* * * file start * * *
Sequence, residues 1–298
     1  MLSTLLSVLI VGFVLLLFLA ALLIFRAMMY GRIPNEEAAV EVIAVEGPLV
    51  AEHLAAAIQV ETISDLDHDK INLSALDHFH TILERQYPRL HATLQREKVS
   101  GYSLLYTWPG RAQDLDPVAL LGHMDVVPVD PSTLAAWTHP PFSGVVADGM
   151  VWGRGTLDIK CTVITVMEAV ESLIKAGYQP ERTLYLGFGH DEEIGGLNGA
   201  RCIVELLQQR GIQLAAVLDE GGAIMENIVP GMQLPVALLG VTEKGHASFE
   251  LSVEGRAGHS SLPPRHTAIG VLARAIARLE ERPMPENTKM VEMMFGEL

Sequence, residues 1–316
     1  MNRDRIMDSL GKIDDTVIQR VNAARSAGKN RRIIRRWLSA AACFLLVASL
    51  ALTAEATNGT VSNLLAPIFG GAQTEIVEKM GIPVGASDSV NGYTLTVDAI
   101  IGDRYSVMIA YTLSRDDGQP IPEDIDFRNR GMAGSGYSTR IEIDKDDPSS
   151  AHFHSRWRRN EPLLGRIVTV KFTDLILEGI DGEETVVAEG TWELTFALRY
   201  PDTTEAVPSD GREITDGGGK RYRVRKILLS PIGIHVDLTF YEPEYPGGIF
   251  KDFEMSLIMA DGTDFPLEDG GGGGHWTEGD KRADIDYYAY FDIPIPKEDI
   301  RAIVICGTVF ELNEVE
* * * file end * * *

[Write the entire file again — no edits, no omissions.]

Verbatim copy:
Sequence, residues 1–298
     1  MLSTLLSVLI VGFVLLLFLA ALLIFRAMMY GRIPNEEAAV EVIAVEGPLV
    51  AEHLAAAIQV ETISDLDHDK INLSALDHFH TILERQYPRL HATLQREKVS
   101  GYSLLYTWPG RAQDLDPVAL LGHMDVVPVD PSTLAAWTHP PFSGVVADGM
   151  VWGRGTLDIK CTVITVMEAV ESLIKAGYQP ERTLYLGFGH DEEIGGLNGA
   201  RCIVELLQQR GIQLAAVLDE GGAIMENIVP GMQLPVALLG VTEKGHASFE
   251  LSVEGRAGHS SLPPRHTAIG VLARAIARLE ERPMPENTKM VEMMFGEL

Sequence, residues 1–316
     1  MNRDRIMDSL GKIDDTVIQR VNAARSAGKN RRIIRRWLSA AACFLLVASL
    51  ALTAEATNGT VSNLLAPIFG GAQTEIVEKM GIPVGASDSV NGYTLTVDAI
   101  IGDRYSVMIA YTLSRDDGQP IPEDIDFRNR GMAGSGYSTR IEIDKDDPSS
   151  AHFHSRWRRN EPLLGRIVTV KFTDLILEGI DGEETVVAEG TWELTFALRY
   201  PDTTEAVPSD GREITDGGGK RYRVRKILLS PIGIHVDLTF YEPEYPGGIF
   251  KDFEMSLIMA DGTDFPLEDG GGGGHWTEGD KRADIDYYAY FDIPIPKEDI
   301  RAIVICGTVF ELNEVE